INTERVIEW WITH IALD EDUCATION TRUST PRESIDENT ANDREA HARTRANFT, IALD
"Maintaining design integrity is most challenging about what I do. It is sometimes difficult to educate clients regarding the value added by high quality lighting profucts."
An advocate for lighting education, Andrea Hartranft, IALD, principal at Hartranft Lighting Design, has always naturally gravitated towards education. She has taught fundamental/advanced lighting design at the Corcoran College of Art + Design in Washington, DC; has spoken on lighting issues at local colleges and universities; presented at IALD Enlighten conferences; conducted workshops for IES conferences; and was a workshop head and mentor at the Lights in Alingsås workshop in Alingsås, Sweden in 2015. So it is perhaps no surprise that she was recently elected as the new IALD Education Trust President for 2016-2017. Now at the helm of the Trust Board, Andrea is charged with leading the Board of Directors who drive the strategic vision of the organization. Having previously served as Treasurer and as a Director at Large, Andrea is no stranger to the task ahead. She first joined the Trust Board in 2009 and quickly got hooked; she hasn’t looked back since.
What drew you to light and lighting?
In college, I figured out that applied light was omnipotent. It could manipulate both psychological and architectural mood, sculpt environments and allow for creativity from both sides of the brain. I was hooked.
What does lighting mean to you?
Lighting means warmth, it means that I am not alone. Daylight reminds me that there is a much bigger picture; and moonlight reminds me to look for beauty. I feel very lucky to have wandered into such an incredible profession with so many amazing people.
What are your thoughts on darkness?
Yin and yang. Without darkness, there is no light.
How would you characterize your design work – in just five words?
Elegant – playful – humble – responsive – human
Where do you draw inspiration from for your creations/designs?
Often my concepts are born from the energy of my clients. Out in the world, I pay attention to how light hits surfaces throughout the day and how shadows define spaces.
What is your most memorable project and why?
My most memorable project was and is running my own business. I have been so very lucky to work on incredible projects with incredible people but creating something from the ground up is like nothing else.
What is most challenging about what you do?
Maintaining design integrity is most challenging about what I do. It is sometimes difficult to educate clients regarding the value added by high quality lighting products. Markets are so competitive that there is a willingness to settle for good enough to maximize profit, instead of fighting for quality.
What is a misunderstood aspect of lighting design?
That anyone can do it.
What is the biggest misconception you had about lighting design as you transitioned from school to the workplace? If not you, someone you know?
I don’t feel like I really had misconceptions. I would say that young designers might tend to trust calculations a bit more than they should; thinking it must be right if it comes from a computer. Lighting is about so much more than calculations – I have yet to find a computer program that accurately predicts quality of light and the lighting experience in a space.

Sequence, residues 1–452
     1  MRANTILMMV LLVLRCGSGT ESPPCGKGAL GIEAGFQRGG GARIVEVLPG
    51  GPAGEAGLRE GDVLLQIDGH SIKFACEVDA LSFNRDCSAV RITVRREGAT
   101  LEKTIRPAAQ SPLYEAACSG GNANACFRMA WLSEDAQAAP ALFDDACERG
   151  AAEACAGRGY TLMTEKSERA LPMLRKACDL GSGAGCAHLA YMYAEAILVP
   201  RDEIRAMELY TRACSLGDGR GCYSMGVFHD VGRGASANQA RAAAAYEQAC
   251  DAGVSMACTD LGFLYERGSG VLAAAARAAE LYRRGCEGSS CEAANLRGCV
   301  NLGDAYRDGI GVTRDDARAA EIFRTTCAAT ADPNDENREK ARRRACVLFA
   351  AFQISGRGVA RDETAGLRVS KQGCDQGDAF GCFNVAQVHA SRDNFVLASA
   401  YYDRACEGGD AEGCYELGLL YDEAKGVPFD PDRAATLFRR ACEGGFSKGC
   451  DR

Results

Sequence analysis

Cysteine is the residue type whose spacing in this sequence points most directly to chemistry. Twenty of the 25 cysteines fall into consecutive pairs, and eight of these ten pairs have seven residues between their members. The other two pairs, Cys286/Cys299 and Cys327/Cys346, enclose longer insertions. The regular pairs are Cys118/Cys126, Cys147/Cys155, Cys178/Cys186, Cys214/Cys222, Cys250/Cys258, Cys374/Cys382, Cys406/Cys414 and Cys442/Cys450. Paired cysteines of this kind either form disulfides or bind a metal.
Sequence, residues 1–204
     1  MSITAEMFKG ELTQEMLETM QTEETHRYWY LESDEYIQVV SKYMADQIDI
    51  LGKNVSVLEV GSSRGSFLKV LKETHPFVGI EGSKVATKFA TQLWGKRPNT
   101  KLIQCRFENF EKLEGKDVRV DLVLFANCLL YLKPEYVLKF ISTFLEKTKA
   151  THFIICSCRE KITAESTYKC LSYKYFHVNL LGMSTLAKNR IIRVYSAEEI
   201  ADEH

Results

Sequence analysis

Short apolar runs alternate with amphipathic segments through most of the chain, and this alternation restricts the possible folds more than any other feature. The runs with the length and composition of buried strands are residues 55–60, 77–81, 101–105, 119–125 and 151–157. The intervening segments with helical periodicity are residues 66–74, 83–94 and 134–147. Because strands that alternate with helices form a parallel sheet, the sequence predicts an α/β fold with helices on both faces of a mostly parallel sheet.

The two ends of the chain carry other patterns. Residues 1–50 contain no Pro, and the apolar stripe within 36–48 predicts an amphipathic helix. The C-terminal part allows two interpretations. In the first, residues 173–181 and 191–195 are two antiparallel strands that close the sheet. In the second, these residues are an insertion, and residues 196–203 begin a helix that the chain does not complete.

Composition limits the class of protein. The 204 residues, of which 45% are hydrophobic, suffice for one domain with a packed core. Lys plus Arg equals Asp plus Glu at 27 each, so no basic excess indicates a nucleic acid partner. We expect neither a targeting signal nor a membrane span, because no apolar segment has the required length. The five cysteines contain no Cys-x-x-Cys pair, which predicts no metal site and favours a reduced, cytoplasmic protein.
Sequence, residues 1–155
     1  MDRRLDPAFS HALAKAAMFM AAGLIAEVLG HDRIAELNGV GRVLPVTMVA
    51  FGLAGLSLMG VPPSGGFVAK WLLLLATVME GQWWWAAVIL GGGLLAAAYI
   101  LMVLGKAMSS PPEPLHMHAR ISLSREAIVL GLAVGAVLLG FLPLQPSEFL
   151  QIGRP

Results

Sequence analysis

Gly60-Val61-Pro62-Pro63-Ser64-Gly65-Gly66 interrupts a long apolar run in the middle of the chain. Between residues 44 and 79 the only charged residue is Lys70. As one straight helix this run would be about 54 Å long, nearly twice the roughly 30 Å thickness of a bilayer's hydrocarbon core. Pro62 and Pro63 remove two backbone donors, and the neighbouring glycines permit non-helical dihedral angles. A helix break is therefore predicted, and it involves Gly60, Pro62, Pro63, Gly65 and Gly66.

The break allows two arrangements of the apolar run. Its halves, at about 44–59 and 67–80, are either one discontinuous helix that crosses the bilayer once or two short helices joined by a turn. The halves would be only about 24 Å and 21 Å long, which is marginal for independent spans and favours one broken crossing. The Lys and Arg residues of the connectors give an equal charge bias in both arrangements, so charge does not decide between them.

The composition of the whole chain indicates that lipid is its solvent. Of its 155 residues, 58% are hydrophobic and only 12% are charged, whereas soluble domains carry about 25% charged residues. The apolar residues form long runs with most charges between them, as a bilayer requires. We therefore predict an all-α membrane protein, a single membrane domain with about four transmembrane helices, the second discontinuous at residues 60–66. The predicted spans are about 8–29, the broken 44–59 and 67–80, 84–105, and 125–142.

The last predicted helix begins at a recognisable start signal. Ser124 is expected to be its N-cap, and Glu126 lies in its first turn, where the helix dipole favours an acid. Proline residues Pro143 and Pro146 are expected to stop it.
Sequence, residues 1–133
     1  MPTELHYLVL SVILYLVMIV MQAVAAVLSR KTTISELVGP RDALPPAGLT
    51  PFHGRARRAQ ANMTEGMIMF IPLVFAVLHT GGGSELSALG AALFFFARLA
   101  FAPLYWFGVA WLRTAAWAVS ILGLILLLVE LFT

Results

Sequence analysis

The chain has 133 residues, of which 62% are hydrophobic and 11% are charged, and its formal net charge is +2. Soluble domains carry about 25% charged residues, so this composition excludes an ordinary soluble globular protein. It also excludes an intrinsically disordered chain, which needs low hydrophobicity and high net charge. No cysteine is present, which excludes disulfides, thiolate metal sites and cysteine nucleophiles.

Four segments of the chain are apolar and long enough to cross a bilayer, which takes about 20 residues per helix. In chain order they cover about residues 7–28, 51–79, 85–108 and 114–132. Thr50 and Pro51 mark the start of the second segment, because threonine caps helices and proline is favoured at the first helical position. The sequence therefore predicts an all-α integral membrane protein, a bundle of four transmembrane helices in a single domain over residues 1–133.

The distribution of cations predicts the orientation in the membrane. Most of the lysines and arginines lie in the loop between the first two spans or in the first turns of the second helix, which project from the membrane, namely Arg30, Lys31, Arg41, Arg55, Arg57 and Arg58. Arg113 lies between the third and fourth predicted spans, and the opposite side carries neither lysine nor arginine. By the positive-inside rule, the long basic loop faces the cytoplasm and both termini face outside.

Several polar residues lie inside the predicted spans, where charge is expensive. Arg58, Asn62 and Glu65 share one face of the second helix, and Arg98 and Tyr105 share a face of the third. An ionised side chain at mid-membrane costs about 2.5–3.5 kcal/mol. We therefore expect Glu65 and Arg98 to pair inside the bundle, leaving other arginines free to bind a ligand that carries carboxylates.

What are important characteristics for a young lighting designer to have?
Communication skills, listening skills, humility and an open mind. Everything else can be learned.
What is the best advice you’ve received about lighting, and what advice would you give to fledgling graduates when they are on way to find a first job?
The best advice predictably, came from Candy Kling, FIALD. She said always make the client feel that the design ideas were their own. I really miss her. Beyond that, my advice to graduates is always the same: Remember who you are designing for because at the end of the project, you walk away, but they live/work/exist there – it is NOT about you. Not Ever.
At the university level, what aspect of lighting would you like to see given more attention?
There are many different approaches to lighting education all over the world; it is a difficult question to answer. How about this: for the more technical programs, I would like to see the artistic side emphasized more; for the artistic programs, I would like to see the technical side emphasized more. And for all the students – teach them how to write. Please.
Who is your favorite designer of all time, and what new names in the industry have caught your eye?
Candy Kling, FIALD, was my favorite designer of course. She got it! It was never about her and she would have done it for free. She was so very generous with her knowledge and nothing made her happier than teaching a young designer.
As for new names, there are designers that are easily 20 years younger than me that are highly successful. I am not arrogant enough to suggest they have caught my eye; rather I would like to think that we are peers. And I love the fearlessness and hi tech creativity that is evident in their designs.
What are some of the most exciting things happening in lighting design today?
Lighting is honing in on human needs; I’m sure Dr. Flynn would be pleased. The flexibility and creativity enabled by technology is inspiring. All of the research that is leading to more and more understanding of the physiological and psychological effects of lighting is incredible. What a great time to be in the industry.
Finish the sentence: “When I’m not designing with light, I’m… “
I’m cooking. I really, really love to cook. And to chop. With my really big knife.
If you could have a superpower, what would it be and why?
I would be a human Babel Fish – able to translate all languages. But I wouldn’t tell anyone…